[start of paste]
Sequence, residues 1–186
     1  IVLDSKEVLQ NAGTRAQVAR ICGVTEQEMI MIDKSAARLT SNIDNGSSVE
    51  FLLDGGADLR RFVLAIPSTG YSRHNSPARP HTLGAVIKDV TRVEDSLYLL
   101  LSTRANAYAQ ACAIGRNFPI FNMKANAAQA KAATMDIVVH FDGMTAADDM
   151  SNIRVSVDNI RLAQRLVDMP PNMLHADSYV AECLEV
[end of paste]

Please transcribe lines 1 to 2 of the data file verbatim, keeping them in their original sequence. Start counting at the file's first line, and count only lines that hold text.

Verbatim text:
Sequence, residues 1–186
     1  IVLDSKEVLQ NAGTRAQVAR ICGVTEQEMI MIDKSAARLT SNIDNGSSVE